5 wonderful ways with wall cubes & shadow boxes

With curating and collecting fast becoming the weapons of choice to use against minimalism, we’re seeing more open shelves pop up on the walls of our homes.

Whether they’re stacked from the floor or floating, one of our favourite open shelving trends has got to be the wall cube or shadow box. The world is your oyster as to how you choose to stack or arrange them; if you can get your hands on some old wooden boxes it makes for a particularly easy DIY hack.

Here are some of our favourite wall cube ideas to share with you.

1. The uneven stack

There’s nothing wrong with a good old Billy bookcase but if you really want to add interest to a living room or bedroom wall, it doesn’t hurt to think outside the confines of straight up-and-down lines.

This open-ended bookshelf from Oz Design looks like a stack of uneven wooden crates; its design allows for little nooks to place plants or ceramics, which is why we love it.

The Kote Zig Zag bookshelf is a nod to traditional Japanese design. Picture: Oz Design Furniture

2. The hand-painted job

When we toured the home of Obus founder Kylie Zerbst, we had to ask her about her wall cubes: It turns out, Kylie painted them herself – when she was a teenager!

They now function as a catch-all display case for husband Simon, and son Orlo, too.

“This shadow box is mine from when I was little. I think I painted the red on there when I was a young teenager trying to redecorate my room with not much at my disposal! What’s so cool about it now is that it holds treasures from all three of us: Simon’s favourite Star Wars figurines from when he was little; his Grandad’s war medals; Orlo’s souvenirs from a trip to Europe last year; as well as many of my tiny treasures from over the years,” Kylie says.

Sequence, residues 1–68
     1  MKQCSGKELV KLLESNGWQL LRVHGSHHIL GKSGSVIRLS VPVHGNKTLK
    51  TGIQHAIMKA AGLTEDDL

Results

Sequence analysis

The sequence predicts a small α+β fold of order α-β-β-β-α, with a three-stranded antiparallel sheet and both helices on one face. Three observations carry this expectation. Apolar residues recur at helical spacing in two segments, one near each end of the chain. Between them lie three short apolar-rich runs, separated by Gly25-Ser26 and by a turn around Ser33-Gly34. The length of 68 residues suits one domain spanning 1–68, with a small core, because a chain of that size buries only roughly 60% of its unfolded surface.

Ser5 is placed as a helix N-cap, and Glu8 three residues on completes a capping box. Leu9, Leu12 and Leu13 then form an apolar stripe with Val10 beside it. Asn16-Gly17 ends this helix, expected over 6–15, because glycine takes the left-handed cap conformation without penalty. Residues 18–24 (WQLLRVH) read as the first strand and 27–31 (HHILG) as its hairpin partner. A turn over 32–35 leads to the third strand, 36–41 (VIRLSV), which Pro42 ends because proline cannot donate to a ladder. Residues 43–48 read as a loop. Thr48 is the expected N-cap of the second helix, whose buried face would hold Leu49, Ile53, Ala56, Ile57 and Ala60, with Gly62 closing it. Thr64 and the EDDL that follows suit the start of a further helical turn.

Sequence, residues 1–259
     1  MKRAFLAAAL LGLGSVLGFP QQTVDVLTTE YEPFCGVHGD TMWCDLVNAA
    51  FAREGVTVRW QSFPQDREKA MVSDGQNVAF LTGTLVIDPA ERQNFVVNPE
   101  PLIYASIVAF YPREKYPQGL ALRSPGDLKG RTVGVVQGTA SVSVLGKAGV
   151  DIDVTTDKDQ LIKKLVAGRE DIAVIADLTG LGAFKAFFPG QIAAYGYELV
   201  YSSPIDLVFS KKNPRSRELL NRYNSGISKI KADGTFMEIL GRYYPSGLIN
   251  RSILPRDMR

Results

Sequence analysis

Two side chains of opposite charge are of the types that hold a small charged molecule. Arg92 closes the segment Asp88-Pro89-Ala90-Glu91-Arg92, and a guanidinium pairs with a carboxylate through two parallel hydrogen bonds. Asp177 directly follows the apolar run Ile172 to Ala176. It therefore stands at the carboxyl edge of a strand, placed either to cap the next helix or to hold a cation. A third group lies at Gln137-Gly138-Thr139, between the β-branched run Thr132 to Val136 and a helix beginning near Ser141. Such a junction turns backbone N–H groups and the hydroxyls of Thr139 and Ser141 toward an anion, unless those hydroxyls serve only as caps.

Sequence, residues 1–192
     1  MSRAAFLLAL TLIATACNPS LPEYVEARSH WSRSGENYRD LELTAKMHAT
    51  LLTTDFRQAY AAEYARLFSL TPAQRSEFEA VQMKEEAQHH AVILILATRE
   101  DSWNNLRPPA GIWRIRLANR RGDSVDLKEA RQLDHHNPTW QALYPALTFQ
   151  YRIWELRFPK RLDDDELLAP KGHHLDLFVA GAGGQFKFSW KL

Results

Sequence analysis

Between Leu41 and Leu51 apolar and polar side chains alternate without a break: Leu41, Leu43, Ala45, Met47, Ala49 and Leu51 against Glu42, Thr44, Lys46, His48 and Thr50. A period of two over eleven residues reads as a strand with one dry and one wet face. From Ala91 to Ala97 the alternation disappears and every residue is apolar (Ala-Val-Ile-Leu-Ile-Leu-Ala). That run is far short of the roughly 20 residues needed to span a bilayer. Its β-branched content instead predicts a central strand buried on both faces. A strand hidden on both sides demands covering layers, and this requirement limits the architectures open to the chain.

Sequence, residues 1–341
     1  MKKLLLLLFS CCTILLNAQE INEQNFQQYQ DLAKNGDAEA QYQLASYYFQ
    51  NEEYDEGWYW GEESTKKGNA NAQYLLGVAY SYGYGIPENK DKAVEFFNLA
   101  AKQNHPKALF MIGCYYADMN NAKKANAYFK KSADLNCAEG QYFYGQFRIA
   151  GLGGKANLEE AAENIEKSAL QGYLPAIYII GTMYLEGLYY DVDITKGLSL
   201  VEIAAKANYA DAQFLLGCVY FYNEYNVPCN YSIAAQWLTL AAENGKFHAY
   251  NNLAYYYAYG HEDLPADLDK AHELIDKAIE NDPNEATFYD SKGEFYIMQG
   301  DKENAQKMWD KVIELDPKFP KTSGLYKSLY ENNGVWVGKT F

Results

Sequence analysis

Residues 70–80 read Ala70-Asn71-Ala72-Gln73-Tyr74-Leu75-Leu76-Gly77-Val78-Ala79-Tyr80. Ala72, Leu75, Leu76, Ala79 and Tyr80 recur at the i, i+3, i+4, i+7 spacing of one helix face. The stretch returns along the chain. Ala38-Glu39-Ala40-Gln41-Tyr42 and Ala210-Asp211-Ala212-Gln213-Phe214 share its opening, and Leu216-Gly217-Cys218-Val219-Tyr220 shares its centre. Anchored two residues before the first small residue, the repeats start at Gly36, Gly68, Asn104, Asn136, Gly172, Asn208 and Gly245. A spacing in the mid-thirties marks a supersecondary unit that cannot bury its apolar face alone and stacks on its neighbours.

Kylie Zerbst adores this shadow box she’s had since she was a child. Picture: Eugene Hyland

3. The mixed materials

For added effect, get creative with colours and textures for your open-shelving solutions. That doesn’t have to mean reaching for the paint samples, though; think about mixing materials, or even different species of timber if you want to keep the look thematic.

This one cuts a fine figure with its old growth Oregon timber frame, jarrah shelves and metal finishes.

4. The record display

If you’ve got a decent record collection, cube shelving is a fantastic storage-meets-display option.

The cubes are the perfect size for records and the partitions allow you to get creative with categorising – different cubes for different genres perhaps? Or you may prefer to stick with alphabetic order, with each cube reserved for a different portion of the alphabet.

In the home of interior designer Jane Newey, a cube bookshelf houses an extensive record collection. Picture: Erinna Giblin

5. The colour-me-happy shelves

It’s the stuff on the shelves that’s supposed to make the statement, right?

But who says the shelves can’t do a bit of the talking on their own? This wall hanging from woodworker Luke Neil is 13cm deep x 100cm wide x 85cm high, made with reclaimed baltic pine and spotted gum, and comes with a colourful backing that is as functional as it is stylish.

Originally published as 5 wonderful ways with wall cubes & shadow boxes by Alice Bradley. Author at realestate.com.au.

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